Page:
So who's making money these days? My wife is! I gave up trying to persuade her to buy racy investments like physical gold and silver; they're too volatile for her. She simply wanted an investment that was safe and would give her a return on her money, even if it barely kept up with inflation. So, over the last few years she has purchased I-Bonds which are sold directly by the United States Treasury http://www.savingsbonds.gov/.

(I-Bonds pay a fixed interest rate plus the CPI and taxes on the interest are only due when the bonds are cashed in. There is no fee involved and you can only buy $30,000 a year.) Last week, my wife showed me her investment returns since 2001 when she first began buying I-Bonds. I was quite impressed.

I-Bond Yields
Time Period Tax-Deferred and U.S. Treasury Guaranteed
May 2005 - Oct. 2005 4.80%
Nov. 2004 - April 2005 4.60%
May 2004 - Oct. 2004 4.60%
Nov. 2003 to April 2004 4.70%
May 2003 - Oct. 2003 4.70%
Nov. 2002 - April 2003 5.21%
May 2002 - Oct. 2002 5.62%
Nov. 2001 - April 2002 5.62%

(An I-Bond's composite earnings rate changes every six months after its issue date. For example, the earnings rate for an I-Bond issued in March 1999, changes every March and September).

For those who just want to save, keep up with inflation and assume no risk, cash or I-Bonds are the best anyone can do. The reason is, since the NASDAQ had its major decline in 2000, the Federal Reserve has been determined to make sure there is no return on capital. They did this by dropping short-term interest rates to an emergency 1 percent, encouraging speculators to make risky trades, and by creating an inflated housing market. This was their way to keep the economy moving forward. Now, they are ever so slowly shifting the balance towards savers and against the risk takers.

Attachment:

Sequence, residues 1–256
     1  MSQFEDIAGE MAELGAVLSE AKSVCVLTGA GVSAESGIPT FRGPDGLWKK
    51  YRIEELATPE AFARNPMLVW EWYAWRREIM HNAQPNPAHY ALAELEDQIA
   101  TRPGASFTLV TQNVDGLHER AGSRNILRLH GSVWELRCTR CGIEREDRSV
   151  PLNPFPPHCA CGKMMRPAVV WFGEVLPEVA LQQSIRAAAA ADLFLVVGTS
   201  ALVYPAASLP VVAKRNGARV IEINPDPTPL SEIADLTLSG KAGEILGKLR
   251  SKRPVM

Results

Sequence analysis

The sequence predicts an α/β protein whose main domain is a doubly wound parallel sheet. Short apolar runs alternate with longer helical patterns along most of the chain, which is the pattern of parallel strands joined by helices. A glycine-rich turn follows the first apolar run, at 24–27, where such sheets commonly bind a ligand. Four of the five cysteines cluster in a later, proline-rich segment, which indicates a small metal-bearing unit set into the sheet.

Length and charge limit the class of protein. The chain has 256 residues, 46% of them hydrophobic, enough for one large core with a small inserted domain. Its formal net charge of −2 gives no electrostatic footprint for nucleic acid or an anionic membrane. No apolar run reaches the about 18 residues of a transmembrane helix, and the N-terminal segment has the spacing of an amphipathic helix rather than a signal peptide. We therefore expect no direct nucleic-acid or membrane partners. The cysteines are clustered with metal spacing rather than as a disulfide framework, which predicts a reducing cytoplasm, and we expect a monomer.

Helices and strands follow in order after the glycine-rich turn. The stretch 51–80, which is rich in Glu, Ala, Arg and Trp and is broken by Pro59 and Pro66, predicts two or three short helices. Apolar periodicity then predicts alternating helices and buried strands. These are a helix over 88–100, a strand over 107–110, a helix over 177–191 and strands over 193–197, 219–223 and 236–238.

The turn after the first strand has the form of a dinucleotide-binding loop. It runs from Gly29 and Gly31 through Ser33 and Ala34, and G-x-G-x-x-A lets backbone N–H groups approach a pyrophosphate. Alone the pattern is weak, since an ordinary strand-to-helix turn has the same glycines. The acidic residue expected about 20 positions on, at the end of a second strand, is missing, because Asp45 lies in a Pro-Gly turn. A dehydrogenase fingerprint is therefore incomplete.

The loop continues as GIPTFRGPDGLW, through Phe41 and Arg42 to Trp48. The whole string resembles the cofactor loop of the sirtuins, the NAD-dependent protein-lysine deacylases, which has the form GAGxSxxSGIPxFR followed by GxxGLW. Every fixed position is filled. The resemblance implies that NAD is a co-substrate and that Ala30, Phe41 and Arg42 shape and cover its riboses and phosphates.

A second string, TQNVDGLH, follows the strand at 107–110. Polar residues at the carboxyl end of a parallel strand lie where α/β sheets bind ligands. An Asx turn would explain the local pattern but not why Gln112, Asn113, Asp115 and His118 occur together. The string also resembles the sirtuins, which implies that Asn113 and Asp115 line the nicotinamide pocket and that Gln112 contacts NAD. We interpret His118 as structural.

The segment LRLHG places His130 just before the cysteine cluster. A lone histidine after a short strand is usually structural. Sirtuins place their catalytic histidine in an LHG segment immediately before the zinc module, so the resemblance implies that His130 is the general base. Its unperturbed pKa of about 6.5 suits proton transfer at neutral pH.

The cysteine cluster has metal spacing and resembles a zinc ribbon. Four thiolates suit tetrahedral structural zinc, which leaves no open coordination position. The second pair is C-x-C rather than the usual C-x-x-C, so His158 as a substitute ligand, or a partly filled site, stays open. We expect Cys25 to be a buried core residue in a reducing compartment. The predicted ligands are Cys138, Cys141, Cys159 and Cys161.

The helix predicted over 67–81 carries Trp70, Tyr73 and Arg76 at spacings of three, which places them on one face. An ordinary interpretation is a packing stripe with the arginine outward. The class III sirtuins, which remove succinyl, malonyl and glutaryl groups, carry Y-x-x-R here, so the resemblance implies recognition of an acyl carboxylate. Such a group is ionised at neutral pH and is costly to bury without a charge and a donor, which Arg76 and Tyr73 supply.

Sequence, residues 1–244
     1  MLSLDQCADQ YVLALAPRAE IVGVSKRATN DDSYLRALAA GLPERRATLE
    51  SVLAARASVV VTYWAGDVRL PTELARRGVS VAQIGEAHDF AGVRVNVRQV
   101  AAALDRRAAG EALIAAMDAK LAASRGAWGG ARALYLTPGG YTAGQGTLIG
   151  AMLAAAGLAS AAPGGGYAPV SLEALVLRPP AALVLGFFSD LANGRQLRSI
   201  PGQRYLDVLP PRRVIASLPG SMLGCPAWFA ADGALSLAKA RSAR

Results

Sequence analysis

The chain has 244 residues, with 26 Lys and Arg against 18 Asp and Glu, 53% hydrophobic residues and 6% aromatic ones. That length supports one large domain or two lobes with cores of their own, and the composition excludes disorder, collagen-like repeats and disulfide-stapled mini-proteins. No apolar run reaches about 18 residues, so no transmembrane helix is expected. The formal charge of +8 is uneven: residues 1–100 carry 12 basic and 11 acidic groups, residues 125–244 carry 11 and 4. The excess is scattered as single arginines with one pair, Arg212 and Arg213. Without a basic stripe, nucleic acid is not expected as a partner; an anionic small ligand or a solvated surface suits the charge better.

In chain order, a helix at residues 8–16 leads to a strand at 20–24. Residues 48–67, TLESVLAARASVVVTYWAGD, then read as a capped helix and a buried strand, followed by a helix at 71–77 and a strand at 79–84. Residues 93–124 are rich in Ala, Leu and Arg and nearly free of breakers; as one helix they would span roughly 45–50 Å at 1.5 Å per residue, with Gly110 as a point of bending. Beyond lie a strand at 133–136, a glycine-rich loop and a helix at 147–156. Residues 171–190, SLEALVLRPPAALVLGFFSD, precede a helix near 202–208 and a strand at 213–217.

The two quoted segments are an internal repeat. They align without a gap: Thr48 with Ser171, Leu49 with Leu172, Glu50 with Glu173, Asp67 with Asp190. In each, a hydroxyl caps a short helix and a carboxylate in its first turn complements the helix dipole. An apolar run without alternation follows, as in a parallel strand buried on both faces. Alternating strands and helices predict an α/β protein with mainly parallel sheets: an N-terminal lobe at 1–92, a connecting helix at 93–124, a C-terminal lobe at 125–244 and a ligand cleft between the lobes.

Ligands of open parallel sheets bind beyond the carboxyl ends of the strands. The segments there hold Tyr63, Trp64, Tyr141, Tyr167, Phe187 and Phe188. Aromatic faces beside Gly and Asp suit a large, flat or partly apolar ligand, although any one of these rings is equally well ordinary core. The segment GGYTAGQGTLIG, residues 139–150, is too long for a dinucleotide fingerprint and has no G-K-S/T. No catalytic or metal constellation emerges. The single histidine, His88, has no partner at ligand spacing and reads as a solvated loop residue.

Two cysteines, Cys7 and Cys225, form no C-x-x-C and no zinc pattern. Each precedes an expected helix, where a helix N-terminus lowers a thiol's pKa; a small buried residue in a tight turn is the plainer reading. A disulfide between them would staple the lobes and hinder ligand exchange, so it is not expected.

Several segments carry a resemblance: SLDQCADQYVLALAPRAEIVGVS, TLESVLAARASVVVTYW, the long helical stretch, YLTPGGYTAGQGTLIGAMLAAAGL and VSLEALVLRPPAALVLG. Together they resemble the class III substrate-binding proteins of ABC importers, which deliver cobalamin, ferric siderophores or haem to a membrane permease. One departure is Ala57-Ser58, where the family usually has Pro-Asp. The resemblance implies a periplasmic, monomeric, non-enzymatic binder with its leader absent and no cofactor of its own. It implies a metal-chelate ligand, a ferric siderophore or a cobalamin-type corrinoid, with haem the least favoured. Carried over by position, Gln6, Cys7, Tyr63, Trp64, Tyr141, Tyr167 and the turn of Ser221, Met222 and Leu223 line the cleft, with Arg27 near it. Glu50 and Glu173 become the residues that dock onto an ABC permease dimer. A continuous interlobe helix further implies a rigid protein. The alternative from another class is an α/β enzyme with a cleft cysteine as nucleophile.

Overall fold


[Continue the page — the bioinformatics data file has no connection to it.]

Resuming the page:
My tendency is to speculate - being short stocks looks better than being long - and physical gold and silver look good for long-term investment. However, my wife keeps reminding me that risk-taking could mean lost principal. As simplistic as this may sound, she instinctively understands the power of compound interest. Slow, steady, and consistent gains without losses, will almost always beat a portfolio with volatility "because if you have a loss, you need a massive gain just to break even."

More people are starting to think and act like my wife! With the yield on cash going up, the thought of being a saver with a guaranteed return is starting to look attractive to more savvy investors. With stock prices down for the year, retail stock investors, one by one, are realizing they have been conned by Wall Street into believing they are investing in stocks when, in reality, the middle class investor is suckered into buying stocks at the top and they ultimately end up holding the bag if the stock market tumbles. The markets are looking mighty risky and even hedge funds don't know if there is any real trend. You should start thinking about putting your stash in cash because cash is no longer trash; it's King again.

Back to homepage

Leave a comment

Leave a comment